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A Guyanese Steelpan Surprise

Author: Rudy Kendall

Happy New Year to all the readers of the KaribPAN blog!

A much needed hiatus was taken from the online steelpan blogosphere as family, travel, and international movements took precedence for the better part of 2018. And what an absolutely fabulous year 2018 was in terms of getting boots on the ground in numerous Caribbean territories on the lookout for fertile steelpan soil. 

Needless to say, as progress has essentially been stifled in the motherland of steelpan, until Trinidad gets her house in order it is apparent that fresh and new opportunities for growth are to be had elsewhere, especially elsewhere in the Carribean. 

After spending the better part of the past year traveling through off-the-beaten-path Caribbean lands such as Suriname,

French Guiana,


and Guyana,

it was clear that opportunities for growth are abundant in the Caribbean territories south of Trinidad. 

While traveling to more touristic destinations north of Trinidad such as Jamaica,



and The Dominican Republic,

it was also clear that there are numerous possibilities for the instrument to gain a foothold in the collective consciousness of those respective populaces with tremendous results.

Without spilling the beans on KaribPAN's particular blueprint for steelpan growth and development, it is apparent that of all of these previously named Caribbean destinations, one stands out in particular for both personal and non-personal reasons.


 A Steelband Surprise in New Amsterdam, Guyana


There are few things that are more pleasing to this steelpan enthusiast than a totally unexpected steelpan street performance. 

While driving through Main Street in New Amsterdam, Guyana on a recent fine, hot Caribbean evening, I stumbled upon the Guyana Police Force Steelband performing on the roadside in the center of town.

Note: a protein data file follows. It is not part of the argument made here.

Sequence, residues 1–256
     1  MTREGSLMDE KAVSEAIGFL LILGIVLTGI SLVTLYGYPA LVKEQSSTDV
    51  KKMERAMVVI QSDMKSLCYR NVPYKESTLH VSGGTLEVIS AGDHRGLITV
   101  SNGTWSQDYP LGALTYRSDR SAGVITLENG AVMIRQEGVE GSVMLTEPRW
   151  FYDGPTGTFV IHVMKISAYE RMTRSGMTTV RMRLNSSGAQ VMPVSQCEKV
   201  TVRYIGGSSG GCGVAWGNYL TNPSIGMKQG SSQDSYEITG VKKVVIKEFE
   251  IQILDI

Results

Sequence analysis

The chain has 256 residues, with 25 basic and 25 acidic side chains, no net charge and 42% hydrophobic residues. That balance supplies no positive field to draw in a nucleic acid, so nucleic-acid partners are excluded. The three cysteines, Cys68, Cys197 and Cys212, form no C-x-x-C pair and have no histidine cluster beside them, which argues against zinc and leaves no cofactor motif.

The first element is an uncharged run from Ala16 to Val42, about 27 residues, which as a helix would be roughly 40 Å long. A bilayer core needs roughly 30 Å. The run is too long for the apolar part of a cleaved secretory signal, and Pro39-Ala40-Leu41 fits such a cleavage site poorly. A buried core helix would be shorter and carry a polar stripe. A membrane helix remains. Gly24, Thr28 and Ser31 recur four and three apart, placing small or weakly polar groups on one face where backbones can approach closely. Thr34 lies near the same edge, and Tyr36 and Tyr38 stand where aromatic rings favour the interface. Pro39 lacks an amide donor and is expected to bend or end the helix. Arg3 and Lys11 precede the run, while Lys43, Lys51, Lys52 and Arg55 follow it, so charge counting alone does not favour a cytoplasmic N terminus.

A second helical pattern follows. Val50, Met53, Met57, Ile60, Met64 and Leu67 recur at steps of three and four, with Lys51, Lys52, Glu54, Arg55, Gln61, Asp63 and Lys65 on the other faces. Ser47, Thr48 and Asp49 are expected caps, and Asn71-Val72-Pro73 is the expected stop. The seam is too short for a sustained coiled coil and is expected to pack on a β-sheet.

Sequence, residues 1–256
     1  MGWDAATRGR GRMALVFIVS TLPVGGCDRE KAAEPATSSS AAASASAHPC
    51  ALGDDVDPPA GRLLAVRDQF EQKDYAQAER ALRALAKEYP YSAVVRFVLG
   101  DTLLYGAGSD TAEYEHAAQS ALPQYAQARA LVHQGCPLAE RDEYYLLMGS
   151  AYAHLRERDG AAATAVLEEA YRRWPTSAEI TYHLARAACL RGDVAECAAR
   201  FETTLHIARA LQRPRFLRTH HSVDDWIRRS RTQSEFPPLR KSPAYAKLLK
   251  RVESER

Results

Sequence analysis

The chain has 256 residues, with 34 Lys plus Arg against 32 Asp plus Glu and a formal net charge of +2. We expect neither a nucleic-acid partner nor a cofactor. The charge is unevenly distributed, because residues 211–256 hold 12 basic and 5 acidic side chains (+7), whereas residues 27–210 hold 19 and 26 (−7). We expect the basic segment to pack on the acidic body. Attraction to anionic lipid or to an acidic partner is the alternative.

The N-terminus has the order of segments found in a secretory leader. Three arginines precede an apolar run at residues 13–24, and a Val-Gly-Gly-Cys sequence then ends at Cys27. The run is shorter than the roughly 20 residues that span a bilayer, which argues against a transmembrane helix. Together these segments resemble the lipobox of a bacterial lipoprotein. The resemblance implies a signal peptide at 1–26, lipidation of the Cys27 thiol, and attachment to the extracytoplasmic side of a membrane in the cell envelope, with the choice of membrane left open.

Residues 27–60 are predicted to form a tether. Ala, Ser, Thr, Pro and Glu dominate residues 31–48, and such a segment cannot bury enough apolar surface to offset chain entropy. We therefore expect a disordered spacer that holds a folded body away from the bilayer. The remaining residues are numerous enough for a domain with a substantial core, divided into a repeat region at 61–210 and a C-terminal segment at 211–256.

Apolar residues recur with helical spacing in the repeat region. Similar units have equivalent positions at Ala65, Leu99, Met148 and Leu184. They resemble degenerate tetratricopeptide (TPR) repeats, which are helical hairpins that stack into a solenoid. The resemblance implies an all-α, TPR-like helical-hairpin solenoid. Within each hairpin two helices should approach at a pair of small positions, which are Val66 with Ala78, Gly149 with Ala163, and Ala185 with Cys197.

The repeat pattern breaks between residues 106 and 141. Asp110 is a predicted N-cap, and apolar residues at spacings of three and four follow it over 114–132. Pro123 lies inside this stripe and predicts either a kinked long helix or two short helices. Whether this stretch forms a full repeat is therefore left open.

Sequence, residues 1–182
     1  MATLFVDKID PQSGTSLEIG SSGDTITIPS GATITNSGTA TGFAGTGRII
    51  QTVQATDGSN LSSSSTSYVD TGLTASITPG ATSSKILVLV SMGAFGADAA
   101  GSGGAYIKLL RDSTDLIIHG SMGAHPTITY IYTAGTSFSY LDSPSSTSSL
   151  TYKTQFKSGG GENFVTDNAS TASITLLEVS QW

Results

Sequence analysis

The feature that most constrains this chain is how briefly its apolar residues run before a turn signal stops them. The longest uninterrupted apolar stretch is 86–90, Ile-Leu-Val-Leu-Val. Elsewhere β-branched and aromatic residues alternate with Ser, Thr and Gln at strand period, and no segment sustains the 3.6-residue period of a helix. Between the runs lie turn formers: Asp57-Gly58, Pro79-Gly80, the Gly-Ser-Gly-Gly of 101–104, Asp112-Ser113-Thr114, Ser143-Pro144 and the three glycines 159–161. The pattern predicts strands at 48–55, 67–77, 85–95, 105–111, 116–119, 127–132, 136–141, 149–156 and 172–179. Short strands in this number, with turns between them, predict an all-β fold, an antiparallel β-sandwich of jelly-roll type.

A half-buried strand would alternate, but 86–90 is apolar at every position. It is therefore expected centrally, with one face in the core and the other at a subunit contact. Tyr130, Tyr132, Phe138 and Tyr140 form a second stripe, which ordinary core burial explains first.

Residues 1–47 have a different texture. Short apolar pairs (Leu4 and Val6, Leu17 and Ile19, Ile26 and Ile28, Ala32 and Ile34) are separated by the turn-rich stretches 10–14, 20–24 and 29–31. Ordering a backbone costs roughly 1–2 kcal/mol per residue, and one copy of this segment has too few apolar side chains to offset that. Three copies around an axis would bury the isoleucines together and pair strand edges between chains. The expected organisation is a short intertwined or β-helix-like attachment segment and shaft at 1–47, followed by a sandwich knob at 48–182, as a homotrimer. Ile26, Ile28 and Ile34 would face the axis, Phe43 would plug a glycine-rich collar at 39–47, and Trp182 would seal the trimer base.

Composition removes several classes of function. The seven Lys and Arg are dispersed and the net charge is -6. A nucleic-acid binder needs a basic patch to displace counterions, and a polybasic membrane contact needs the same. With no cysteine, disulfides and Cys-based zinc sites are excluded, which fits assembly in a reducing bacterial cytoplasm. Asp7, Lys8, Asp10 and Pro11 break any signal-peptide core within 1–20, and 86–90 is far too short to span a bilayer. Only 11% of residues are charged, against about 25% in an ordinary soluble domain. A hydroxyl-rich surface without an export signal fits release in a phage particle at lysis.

Guyana has a long relationship with ther steelpan instrument, which goes back to 1947 when Red Army, a Trini band first arrived in Georgetown, Guyana and made an impressive appearance. As the story goes, a fracas broke out during Red Army's performance and when the dust had settled, one of the band's lead pans went missing. By 1953, steelbands began springing up all over Guyana from the then ''mudlands'' of Bartica to New Amsterdam. Some of these bands included Quo Vadis from Robb St. near Bourda Market, Invaders from Regent St. and Wellington, and not to mention Pagans, Sun Valley, Chicago and Casablanca. 

Rudy Bishop who is an icon and known as one of Guyana's steelpan pioneers has made public his belief that the local Guyanese steelpan industry needs to be revitalized. What better time to do this than the present, when it is apparent that Exxon Mobil will likely be a ready supplier or oil barrels once they start drilling for oil in the Stabroek Block, not to mention a potential local steelband sponsor. The BP Renegades come to mind in this respect. 

In any event, here is the continuation of the previous video of the Guyana Defence Force Steelband performing their arrangement of Simon and Garfunkel's ''Bridge Over Troubled Water''.

 All of those young pannists in the Guyana Police Force 'B' Division Steelband are part of the legacy of steelband movement in Guyana, and the sight of them brings back fond memories of the Rising Stars Youth Steel Orchestra and what bands like these actually accomplish as far as developing the younger generation positively through the steelpan instrument.






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